Jones v. ThompsonAnnotate this Case
121 A.2d 366 (1956)
Arlene Spear JONES, Parent of Timothy A. Spear and in his behalf, v. Gladys THOMPSON, Arlene T. Jones, Appellant from Decree of Harry E. Wilbur, Judge of Probate.
Supreme Judicial Court of Maine.
February 8, 1956.
*367 Christopher S. Roberts, Rockland, for appellant.
Frank F. Harding, Rockland, for appellee.
Before FELLOWS, C. J., and WEBBER, BELIVEAU, TAPLEY, CLARKE and WILLIAMSON, JJ.
On exceptions. These cases involve the custody of a male, minor child born to Arlene Spear, now Arlene Spear Jones, out of wedlock. The child was born on June 29, 1950 and since his birth he has resided with Gladys Thompson and her husband, Leroy F. Thompson. Gladys Thompson is the sister of Oramon Bernard Jones, the alleged father of the child. There have been various actions commenced and prosecuted concerning the custody of this child over a period approximating five years. The cases with which we are now concerned are those of adoption and habeas corpus. The adoption case originated upon the petition of Gladys F. Thompson and Leroy F. Thompson dated December 5, 1951 and returnable on the twenty-first day of December, 1951 at the Probate Court within and for the County of Knox. On October 26, 1953, by consent of all the parties, Curtis M. Payson was appointed guardian ad litem to represent the minor child, Timothy A. Spear, subject of the adoption. Mr. Payson accepted the appointment. A hearing was held on November 2, 1953 before the Judge of Probate. As a result of this hearing, adoption of Timothy A. Spear, with change of name, was granted to the Thompsons. The mother of the child, Arlene Spear, appealed to the Supreme Court of Probate.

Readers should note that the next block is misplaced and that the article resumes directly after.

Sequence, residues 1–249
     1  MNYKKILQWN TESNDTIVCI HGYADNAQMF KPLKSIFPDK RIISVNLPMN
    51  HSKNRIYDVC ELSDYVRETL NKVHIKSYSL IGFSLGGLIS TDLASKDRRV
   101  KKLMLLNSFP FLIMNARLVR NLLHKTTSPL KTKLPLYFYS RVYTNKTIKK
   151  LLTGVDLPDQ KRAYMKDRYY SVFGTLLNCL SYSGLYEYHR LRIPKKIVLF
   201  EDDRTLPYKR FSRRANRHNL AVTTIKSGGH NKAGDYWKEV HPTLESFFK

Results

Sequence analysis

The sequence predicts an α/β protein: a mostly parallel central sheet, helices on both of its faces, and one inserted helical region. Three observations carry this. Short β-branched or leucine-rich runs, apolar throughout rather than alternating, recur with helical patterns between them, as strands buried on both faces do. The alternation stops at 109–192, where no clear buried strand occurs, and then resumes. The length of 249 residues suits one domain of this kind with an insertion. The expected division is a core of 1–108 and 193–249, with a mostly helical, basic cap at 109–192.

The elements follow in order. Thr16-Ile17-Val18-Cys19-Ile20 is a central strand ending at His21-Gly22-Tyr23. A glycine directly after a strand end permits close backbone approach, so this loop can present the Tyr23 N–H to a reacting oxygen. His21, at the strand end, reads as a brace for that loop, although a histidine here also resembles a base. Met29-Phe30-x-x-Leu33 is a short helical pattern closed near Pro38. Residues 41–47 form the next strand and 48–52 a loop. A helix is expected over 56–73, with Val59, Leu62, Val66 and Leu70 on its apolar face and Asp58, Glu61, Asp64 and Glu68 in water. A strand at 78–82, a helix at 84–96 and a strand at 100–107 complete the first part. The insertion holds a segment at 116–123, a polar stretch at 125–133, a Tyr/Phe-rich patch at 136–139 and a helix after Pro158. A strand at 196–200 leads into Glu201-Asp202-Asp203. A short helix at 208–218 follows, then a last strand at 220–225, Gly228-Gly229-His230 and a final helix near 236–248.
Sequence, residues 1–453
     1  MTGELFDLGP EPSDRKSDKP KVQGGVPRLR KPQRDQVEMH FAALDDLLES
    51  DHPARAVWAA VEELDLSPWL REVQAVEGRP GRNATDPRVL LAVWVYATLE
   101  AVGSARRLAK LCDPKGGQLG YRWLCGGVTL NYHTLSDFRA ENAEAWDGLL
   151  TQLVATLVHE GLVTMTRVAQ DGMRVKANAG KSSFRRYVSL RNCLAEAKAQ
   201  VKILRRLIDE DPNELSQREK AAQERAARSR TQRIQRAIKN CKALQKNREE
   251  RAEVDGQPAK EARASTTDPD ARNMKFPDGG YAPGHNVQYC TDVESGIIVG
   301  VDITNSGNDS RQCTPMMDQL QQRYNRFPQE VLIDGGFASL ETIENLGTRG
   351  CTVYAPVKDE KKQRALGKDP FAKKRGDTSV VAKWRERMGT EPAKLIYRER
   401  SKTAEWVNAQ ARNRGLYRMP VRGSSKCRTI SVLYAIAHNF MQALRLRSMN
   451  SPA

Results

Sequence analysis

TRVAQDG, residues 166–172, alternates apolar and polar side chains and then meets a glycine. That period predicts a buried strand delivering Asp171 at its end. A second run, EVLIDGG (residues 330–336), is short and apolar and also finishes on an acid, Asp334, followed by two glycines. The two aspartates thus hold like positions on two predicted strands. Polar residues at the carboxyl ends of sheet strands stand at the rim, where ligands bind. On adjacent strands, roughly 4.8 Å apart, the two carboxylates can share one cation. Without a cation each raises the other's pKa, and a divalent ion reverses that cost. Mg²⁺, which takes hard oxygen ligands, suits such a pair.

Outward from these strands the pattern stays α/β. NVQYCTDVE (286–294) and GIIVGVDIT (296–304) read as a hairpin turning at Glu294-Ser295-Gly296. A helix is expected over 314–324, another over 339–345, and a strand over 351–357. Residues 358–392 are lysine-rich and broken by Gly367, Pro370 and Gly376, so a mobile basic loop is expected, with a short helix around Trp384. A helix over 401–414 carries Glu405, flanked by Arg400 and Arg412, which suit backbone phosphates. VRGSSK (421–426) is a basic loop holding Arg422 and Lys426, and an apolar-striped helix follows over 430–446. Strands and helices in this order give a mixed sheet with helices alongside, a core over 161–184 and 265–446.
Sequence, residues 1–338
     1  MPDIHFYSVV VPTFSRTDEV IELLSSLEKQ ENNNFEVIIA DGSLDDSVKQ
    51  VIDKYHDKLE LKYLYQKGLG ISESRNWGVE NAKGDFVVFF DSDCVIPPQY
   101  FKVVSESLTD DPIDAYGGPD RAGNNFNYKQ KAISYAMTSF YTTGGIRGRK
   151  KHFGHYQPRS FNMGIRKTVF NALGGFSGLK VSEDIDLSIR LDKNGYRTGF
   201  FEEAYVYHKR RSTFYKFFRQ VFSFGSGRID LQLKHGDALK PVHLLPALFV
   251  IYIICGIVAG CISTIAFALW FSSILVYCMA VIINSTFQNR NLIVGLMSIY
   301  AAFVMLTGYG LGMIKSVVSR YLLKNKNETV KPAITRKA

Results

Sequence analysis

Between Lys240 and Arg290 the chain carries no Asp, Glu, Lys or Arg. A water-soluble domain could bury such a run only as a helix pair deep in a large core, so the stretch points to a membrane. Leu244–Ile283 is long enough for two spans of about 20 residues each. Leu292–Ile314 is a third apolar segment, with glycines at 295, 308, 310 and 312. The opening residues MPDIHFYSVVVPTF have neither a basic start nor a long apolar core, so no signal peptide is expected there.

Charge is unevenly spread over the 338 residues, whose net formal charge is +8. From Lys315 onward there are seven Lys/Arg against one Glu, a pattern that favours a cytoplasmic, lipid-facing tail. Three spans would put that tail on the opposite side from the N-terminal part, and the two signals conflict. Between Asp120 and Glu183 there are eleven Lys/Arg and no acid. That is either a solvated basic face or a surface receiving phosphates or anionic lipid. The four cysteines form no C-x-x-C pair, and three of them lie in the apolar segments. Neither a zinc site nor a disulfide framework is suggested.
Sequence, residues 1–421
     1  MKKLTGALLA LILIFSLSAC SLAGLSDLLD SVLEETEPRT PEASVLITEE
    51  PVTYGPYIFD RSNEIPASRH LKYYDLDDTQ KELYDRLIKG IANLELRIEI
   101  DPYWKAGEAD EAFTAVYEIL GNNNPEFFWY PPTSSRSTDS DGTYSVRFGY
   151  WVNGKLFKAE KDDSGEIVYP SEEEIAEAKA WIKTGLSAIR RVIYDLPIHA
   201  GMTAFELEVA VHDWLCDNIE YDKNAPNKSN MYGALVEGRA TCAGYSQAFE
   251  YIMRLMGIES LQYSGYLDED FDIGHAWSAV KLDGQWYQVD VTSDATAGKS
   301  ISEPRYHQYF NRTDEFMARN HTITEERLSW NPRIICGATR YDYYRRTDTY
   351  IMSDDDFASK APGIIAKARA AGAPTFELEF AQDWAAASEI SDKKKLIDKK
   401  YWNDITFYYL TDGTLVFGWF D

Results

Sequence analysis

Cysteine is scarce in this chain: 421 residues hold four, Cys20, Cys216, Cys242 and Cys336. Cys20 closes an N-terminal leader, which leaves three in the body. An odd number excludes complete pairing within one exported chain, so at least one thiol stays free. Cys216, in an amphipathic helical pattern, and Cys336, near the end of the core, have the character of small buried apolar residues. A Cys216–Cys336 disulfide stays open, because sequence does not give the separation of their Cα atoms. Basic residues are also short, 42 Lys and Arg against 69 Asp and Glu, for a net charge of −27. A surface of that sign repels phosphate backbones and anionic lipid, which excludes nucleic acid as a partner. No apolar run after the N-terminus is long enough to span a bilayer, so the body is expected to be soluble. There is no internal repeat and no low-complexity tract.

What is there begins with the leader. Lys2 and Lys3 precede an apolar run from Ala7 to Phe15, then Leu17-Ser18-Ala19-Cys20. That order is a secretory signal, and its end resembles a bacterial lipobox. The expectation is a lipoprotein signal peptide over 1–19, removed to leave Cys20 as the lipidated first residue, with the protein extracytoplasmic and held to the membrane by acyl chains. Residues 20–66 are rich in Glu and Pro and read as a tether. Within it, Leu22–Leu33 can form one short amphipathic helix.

Arlene Spear married Oramon Bernard Jones in May of 1953 and on October 24, 1953, a short time previous to the hearing on the adoption petition, she signed an application for the issuance of a writ of habeas corpus, the purpose of which was to obtain custody of her son. By stipulation between the parties, the application for writ of habeas corpus and the probate appeal were tried together before a justice presiding at the February Term, 1954 of the Superior Court within and for the County of Knox. The justice below refused the writ and affirmed the decree of adoption and change of name as granted by the Judge of Probate. To these rulings Arlene Spear Jones took exceptions.
We shall first consider the exceptions relating to the adoption case. The Thompsons in their petition for adoption allege "that the parent of said child has abandoned said child and ceased to provide for its support." The petition was brought under provisions of Chap. 145, Sec. 35 et seq., R.S.1944, as amended.
After a full hearing the Judge of the Probate Court allowed the petition of adoption and decreed that the minor child be that of the petitioners and that his name be changed to Kevin Robert Thompson. The appellant seasonably filed an appeal to the Supreme Court of Probate and alleged the following reasons of appeal:"That the only allegation in said petition for adoption whereby the Court had jurisdiction or could grant said petition and made said decree was the statement therein that your Appellant 'has abandoned' her said child and that there was no evidence or the slightest proof at the hearing thereon of any such fact of abandonment."